In a recent study by McKinsey, 45% of employees said they were more productive working remotely than in the office. After a long time of being in a remote-based setup, more and more employers have become confident that a remote environment works as much as the physical space.
In another study on a global scale, productivity also takes on a positive note. 70% of the respondents felt that they are productive while working from home as much as in the office. However, more are much satisfied when collaboration happens face-to-face.
Engagement is the second primary concern in remote work. Managers fear that remote workers will be less motivated and less collaborative. A Forbes 2020 study, where most of the respondents are US workers with a mix from top management to middle management and up to the rank and file population, says otherwise. 90% of the respondents felt they positively connected with their supervisor even while working from home.
Debunking your management’s fears about a permanent work from setup involves not just your reasons. Research is probably your biggest ally when it comes to negotiations. Learn what the data is telling you and use them to your advantage.
Find out tricks to best apply work-life balance techniques for distributed teams.
Make a proposal that is well-planned and structured. It’s okay being spontaneous, but in negotiating, you have laid down your proposition in order. When you constantly jump from one idea to the next, your manager will see how distracted you are and sense that you’ve come unprepared. You can start with your reasons and how advantageous working from home is for you and follow up with how the company will benefit from your remote setup.
Before your manager can butt in, answer his questions ahead. This move shows that you’ve been proactive by choosing to include the company and your manager in your thought process, not just about yourself.
Some examples of questions:
Lastly, present the facts that you’ve gathered and show your boss that you've not just based your proposal on opinion but instead took your time to be educated before coming up with a decision.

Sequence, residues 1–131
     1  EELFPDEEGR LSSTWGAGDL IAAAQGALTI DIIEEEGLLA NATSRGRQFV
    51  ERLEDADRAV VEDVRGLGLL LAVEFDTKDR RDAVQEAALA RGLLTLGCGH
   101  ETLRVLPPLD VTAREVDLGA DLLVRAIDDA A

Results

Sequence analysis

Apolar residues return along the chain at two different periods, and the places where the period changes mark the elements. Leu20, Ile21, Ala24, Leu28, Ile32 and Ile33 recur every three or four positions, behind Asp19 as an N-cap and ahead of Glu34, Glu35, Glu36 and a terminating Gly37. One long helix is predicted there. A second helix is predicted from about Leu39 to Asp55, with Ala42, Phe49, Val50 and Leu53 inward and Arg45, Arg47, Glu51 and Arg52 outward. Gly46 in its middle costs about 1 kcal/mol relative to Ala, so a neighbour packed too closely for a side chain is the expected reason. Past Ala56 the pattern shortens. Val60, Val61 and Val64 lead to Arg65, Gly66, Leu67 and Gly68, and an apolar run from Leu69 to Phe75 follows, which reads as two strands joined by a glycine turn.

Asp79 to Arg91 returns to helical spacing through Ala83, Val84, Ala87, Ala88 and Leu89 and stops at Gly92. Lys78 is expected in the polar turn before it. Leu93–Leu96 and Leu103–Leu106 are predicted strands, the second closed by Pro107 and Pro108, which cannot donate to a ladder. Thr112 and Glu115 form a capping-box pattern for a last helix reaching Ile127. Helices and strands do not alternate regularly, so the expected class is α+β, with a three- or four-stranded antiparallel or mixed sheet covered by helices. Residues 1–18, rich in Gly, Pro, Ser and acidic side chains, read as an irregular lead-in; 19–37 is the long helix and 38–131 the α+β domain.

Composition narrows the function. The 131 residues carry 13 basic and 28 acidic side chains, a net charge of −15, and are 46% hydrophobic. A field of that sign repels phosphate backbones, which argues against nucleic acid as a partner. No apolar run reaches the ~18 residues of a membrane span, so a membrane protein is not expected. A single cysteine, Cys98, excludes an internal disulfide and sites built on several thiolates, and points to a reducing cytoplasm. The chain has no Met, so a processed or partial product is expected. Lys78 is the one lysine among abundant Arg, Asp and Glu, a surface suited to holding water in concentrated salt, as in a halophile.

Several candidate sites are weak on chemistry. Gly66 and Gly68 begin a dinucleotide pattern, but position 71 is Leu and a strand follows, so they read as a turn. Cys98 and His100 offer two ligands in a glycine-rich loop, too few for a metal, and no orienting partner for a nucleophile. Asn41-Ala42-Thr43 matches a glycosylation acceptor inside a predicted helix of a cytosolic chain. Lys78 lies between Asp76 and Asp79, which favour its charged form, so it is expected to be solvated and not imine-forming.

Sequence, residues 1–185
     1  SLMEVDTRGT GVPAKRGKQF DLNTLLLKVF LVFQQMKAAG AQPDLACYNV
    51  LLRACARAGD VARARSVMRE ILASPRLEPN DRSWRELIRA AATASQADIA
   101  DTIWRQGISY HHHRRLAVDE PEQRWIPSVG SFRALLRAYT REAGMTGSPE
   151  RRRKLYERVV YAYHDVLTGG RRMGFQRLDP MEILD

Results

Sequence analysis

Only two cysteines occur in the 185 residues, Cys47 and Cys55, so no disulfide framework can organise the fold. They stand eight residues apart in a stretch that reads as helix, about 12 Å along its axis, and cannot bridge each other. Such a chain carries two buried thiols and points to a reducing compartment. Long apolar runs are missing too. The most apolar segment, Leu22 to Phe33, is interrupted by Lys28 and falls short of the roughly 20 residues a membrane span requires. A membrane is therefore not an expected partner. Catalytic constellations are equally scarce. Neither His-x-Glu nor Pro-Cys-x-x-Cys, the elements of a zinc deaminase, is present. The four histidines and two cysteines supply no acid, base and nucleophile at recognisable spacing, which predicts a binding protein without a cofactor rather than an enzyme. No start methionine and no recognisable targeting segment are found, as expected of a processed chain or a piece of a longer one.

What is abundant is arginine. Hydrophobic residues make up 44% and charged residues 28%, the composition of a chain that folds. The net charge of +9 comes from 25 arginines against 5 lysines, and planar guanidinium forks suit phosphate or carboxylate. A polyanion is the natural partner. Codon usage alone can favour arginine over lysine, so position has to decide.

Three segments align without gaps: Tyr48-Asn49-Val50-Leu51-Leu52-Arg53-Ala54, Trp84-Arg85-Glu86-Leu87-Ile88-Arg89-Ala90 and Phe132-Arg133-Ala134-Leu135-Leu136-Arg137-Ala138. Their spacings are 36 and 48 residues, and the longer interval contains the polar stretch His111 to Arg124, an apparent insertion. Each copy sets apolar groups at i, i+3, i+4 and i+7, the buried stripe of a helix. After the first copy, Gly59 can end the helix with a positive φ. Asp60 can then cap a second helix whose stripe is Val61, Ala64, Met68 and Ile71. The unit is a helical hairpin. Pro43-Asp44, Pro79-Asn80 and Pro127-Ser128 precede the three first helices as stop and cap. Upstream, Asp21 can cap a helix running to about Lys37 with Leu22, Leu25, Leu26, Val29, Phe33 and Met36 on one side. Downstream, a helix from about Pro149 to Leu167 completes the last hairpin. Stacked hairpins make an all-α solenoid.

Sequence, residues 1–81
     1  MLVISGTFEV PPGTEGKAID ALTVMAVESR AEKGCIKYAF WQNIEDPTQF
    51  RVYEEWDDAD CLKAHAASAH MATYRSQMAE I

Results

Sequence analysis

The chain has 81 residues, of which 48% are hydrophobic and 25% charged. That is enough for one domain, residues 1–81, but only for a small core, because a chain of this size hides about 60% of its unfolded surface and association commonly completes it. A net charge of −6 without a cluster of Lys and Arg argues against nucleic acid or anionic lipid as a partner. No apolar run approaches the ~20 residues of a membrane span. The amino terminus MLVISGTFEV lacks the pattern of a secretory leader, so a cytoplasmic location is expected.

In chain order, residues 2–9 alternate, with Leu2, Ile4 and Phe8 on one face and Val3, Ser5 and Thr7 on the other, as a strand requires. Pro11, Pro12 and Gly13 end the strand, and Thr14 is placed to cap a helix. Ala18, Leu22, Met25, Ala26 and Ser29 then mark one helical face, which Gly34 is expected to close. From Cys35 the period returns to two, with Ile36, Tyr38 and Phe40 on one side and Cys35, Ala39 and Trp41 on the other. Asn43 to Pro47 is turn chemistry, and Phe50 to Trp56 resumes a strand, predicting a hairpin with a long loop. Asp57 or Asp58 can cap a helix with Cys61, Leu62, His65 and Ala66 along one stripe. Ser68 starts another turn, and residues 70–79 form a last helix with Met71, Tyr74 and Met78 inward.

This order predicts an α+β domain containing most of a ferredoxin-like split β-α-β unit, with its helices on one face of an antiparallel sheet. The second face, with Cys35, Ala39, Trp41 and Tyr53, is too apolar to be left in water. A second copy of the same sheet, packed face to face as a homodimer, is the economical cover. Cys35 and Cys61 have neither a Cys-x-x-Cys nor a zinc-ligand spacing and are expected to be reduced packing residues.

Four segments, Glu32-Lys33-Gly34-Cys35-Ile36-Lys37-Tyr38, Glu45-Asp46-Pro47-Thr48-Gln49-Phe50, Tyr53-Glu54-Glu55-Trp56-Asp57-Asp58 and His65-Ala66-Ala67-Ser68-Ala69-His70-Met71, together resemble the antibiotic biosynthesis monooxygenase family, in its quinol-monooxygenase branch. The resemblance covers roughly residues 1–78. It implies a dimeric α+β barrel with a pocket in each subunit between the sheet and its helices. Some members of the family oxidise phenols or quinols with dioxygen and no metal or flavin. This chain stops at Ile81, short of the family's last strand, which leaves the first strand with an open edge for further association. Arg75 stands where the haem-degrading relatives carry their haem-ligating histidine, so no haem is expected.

You can also suggest a trial run in cases where you know your management is leaning towards on-site work or is not entirely convinced of a permanent remote-based position. A trial week or two also gives you and your manager opportunities to see what adjustments can work for both of you. Don’t come empty-handed and ill-prepared.
Sure, there are many ways to communicate, and with the different platforms available, it’s easy to choose convenience over a gut-wrenching live interaction. However, if you’re thinking of just sending a long email to your boss detailing your plans of working from home, chances are you’re not going to get that big yes.
Allotting the time to talk with your manager in person, or at the least through a video call, is your best option. During the talk, stay professional. Be open-minded about the questions being asked. In some cases, you might not get their response instantly. Respect their request to take more time to consider your proposal and agree on a schedule when you’ll be able to follow through.
Make sure to have techniques to conversate with your manager on efficient ways to deal with virtual teams.
Suppose your manager granted your request; congratulations to you! You’ll now be working from your home, a cafe, or just about anywhere that’ll work for you. However, this is not the end of the negotiation road. Remember that you’ve made commitments to your manager.
Since you’ll be working apart from almost everyone:
Don’t forget to work on those commitments and prove to them that you can walk the talk. You will need to build up the concept of physiological safety to be truly decentralized.
Less to Zero Commuting: We spend most of our time going to and from the office. Honestly, a big chunk of our time gets eaten by the long commute hours, not to mention being stuck in traffic. It takes a lot of our productive and personal hours.